I sat down this morning and filled in the Bank’s latest inflation expectations survey.  For the first time –  in the 6/7 years I’ve been doing it –  I had to stop and think had about the questions about inflation five and ten years hence (I’ve typically just responded with a “2 per cent” answer –  long time away, midpoint of the target, 10 years at least beyond Orr’s term).  With core inflation high and rising, policy responses sluggish at best so far, and with the downward spiral in the quality of the MPC (and the lack of much serious research and analysis supporting them), how confident could I be about medium-term outcomes.  Perhaps it is still most likely that eventually inflation is hauled back, that over time core inflation gets towards 2 per cent, with shocks either side.  The rest of the world, after all, will still act as something of a check, no matter how poor our central bank becomes.  But the decline and fall of the institution is a recipe for more mistakes, more volatility, more communications failures, and less insight, less analysis, and fewer grounds for confidence that the targets the Minister sets will consistently be delivered at least cost and dislocation.  That should concern the Minister, but sadly there is no sign it –  or any of the other straws in the wind of institutional decline –  does. 

26 thoughts on “Inflation, monetary policy and all that

  1. Im not too worried Mike.

    The housing market is coming to a schreeching halt and as it slows we will see a sharp slowdown in CPI new dwellings, taking the heat off real estate agent fees and property rates in the process. Petrol price inflation will also dissipate, between them that will shave about 2.5pp off headline by year end.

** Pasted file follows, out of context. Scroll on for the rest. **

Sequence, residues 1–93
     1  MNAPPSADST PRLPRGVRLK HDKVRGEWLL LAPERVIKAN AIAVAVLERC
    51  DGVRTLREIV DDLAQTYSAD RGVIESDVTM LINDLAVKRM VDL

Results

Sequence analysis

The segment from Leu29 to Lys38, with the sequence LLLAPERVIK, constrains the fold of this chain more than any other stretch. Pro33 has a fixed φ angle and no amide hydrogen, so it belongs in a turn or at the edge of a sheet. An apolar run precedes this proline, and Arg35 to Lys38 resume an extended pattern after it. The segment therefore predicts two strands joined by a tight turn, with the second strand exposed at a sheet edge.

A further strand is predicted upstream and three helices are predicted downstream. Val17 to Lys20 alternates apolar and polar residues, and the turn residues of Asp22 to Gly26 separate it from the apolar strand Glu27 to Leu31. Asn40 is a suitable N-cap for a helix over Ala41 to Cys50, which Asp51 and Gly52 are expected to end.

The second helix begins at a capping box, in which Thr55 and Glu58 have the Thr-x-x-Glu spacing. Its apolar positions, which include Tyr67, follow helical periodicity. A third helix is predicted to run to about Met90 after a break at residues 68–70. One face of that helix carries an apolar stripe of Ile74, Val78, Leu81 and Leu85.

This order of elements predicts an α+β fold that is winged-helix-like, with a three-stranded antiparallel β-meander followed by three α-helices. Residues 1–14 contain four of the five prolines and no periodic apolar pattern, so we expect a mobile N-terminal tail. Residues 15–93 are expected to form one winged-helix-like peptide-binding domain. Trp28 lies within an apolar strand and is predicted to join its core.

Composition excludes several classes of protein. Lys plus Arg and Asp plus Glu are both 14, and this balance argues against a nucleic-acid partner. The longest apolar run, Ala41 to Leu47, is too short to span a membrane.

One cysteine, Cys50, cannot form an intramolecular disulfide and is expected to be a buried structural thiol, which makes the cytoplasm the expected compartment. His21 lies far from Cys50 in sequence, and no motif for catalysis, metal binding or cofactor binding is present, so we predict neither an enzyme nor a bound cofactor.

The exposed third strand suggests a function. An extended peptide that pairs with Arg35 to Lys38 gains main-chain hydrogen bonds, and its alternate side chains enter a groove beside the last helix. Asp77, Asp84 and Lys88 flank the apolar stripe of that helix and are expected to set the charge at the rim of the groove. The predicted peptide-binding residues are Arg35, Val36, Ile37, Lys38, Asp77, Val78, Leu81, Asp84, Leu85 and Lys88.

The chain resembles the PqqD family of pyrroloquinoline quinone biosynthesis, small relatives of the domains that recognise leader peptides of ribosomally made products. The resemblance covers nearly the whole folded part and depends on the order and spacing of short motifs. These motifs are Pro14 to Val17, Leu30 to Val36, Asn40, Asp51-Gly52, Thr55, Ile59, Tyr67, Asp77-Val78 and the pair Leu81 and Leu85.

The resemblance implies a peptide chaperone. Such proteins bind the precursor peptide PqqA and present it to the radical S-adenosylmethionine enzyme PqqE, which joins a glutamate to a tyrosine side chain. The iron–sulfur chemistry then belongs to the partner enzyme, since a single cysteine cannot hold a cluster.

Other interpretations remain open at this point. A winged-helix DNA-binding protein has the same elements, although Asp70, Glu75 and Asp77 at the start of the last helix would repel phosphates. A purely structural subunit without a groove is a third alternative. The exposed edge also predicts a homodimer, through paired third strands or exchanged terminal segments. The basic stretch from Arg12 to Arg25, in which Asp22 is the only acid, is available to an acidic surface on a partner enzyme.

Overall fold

Then a lot of the lift in the CPI elsewhere is in very large one off movements related to shipping issues, or border closure. International airfares, AV equipment, books, used cars etc. As supply normalises, which it will eventually, competition will correct these prices and some may even fall.

    So inflation isnt going to become embedded. And if you dont believe my word, then you can look at TIPS which are hovering below 2% for the long dated 13 year contract.

    And if im wrong, the Bank isnt in the same position it was in 95/96 or 06/07 as household debt levels are extrordinarily high, mortgage fixings very short and the mortgage curve is in contango. The RBNZ had households by the jugular. If needed, they can simply do 25bp every meeting until theyve ground (households) inflation into the dust.

    I dont think it will get there and id be surprised if the cash rate rises beyond 2%. Business and consumer surveys suggest the white flags are already being hoisted…

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    • Time will tell, but I’m reluctant to have policy run on medium term forecasts, when what we see out the window is so troubling (incl lower nominal rates than in Feb 20, but inflation expecs almost a full percentage point higher). It wouldn’t surprise if the OCR doesn’t get to 2 per cent – at all or for long – but my focus is on getting to 1.5% quickly and being pretty open-minded from there. What I do oppose is the Bank doing the ANZ thing, or the Wheeler 24 thing, and talking too confidently about where rates may need to get to in the medium term, something no one really has much idea on.